Many bloggers have pointed out the New York Times often attributes motives to politicians, when it knows nothing about the actual motives. They do this to the point of obscuring facts in favor of spinning everything into a horse-race. Here are a couple of great examples.
In their news analysis yesterday, the New York Times shows why their critics are right. Here is the lead paragraph:
In calling for public war-crime trials at GuantÃ¡namo Bay, President Bush is calculating that with a critical election just nine weeks away, neither angry Democrats nor nervous Republicans will dare deny him the power to detain, interrogate and try suspects his way.
Well, maybe. Sure, it could be a cold calculation. Or maybe Bush feels that with the Hamdan decision going against him, he is in legal limbo, and needs to put his vision of the proposed law on the table to comply with the ruling. Maybe he actually, you know, wants to follow the law. There ain’t a lick of evidence either way. Yet, that was the first sentence of the article, and the tease blurb was virtually the same. News analysis should not be held to the same standard as more pure reporting pieces, but there is still some standard. And the meat of this article is not analysis, it’s fantasy.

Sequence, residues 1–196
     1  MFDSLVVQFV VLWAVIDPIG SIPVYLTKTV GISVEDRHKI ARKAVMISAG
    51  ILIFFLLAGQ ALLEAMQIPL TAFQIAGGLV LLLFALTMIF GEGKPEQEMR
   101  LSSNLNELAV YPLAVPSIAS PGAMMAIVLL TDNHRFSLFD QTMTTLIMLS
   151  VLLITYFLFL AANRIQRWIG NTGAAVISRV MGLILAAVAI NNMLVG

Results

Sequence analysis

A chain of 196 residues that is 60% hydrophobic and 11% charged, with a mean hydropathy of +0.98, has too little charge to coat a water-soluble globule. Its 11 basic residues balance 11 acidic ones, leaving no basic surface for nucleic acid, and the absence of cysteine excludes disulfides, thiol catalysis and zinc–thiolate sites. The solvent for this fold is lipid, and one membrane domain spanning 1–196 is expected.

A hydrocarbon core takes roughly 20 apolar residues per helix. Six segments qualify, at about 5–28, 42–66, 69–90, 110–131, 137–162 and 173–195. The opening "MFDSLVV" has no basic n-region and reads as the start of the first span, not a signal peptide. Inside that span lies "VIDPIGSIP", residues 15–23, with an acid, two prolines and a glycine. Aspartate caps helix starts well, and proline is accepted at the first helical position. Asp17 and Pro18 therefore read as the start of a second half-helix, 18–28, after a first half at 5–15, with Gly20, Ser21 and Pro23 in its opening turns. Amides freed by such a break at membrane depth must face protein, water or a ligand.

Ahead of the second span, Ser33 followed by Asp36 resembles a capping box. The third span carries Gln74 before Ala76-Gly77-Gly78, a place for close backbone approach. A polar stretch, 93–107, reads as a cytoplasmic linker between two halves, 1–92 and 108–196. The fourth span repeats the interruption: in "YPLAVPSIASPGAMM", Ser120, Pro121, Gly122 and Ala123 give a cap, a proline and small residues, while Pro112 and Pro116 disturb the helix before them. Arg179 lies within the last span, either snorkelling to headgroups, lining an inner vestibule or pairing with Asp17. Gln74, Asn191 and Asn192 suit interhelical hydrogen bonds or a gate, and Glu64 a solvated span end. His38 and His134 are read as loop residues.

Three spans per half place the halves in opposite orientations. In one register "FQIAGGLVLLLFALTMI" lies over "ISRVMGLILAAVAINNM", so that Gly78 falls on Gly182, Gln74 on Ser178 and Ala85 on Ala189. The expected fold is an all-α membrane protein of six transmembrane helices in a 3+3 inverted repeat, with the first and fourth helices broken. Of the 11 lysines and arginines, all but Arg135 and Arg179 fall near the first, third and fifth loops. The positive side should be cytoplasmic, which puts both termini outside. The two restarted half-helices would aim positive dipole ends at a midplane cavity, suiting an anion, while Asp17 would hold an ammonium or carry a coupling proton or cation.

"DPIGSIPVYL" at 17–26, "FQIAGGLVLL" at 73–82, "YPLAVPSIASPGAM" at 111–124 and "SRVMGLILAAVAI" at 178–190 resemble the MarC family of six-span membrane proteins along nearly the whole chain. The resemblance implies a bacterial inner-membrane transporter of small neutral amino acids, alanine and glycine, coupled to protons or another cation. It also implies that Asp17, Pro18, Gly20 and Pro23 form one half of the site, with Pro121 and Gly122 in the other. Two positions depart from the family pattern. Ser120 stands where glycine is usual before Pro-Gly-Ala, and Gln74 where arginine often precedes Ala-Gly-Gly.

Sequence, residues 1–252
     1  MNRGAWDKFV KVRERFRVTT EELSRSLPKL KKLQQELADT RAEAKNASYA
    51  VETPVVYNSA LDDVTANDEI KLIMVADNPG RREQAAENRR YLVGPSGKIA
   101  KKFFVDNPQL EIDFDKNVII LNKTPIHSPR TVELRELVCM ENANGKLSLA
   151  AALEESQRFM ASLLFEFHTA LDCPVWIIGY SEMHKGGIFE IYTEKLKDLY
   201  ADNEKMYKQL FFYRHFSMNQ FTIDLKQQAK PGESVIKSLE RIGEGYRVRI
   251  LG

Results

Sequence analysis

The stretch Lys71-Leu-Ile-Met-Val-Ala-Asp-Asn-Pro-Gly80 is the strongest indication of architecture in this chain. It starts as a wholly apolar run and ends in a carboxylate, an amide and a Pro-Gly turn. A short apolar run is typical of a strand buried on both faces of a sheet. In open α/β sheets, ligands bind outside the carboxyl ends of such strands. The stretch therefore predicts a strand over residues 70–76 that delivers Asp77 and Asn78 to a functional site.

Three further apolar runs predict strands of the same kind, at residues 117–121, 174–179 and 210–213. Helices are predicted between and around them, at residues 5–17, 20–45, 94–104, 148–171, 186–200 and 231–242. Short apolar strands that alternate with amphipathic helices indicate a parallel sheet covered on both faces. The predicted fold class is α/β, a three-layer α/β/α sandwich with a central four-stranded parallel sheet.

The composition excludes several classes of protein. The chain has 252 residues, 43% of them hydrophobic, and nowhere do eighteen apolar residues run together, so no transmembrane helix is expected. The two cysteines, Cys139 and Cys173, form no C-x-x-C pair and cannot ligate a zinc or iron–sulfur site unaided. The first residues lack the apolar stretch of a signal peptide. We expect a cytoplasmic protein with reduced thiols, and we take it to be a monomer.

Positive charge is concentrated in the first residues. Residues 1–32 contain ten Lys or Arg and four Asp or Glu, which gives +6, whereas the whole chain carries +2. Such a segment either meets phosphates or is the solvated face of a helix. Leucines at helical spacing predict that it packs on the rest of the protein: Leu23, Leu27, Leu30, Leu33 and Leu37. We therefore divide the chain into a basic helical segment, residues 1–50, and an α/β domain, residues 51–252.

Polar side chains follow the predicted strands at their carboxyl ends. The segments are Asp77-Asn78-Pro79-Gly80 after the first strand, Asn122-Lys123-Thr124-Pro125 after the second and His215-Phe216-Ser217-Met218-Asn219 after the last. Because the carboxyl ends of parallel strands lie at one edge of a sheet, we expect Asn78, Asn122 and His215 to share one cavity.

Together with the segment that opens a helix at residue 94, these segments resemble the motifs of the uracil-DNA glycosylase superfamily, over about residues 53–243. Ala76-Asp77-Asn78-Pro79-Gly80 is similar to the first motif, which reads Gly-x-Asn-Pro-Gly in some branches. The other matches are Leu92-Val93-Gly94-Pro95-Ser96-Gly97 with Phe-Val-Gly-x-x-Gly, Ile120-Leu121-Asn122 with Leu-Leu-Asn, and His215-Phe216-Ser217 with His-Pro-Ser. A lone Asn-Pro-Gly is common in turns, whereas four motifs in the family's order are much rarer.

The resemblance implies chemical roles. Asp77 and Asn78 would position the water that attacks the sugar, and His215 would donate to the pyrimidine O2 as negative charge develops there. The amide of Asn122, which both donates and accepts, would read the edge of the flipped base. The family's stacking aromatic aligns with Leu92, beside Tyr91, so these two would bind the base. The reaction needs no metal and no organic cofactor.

Let’s dig into the first few paragraphs, shall we?
1) Bush is gonna manipulate everything to get his way
2) Why? He wants to challenge Congress’s authority. (Yes, he’s challenging them by asking them to pass his version of a bill… right!)
3) “..the gambit”
4) “…had more than one agenda at work..”
5) Such as revenge on the Supreme Court
6) Or trying to make people forget about Iraq
Guessing about motives — you know what happens when you assume, right?
(Actually, I have a different answer to that question, but I’ll save that for a “weird funny observation” post)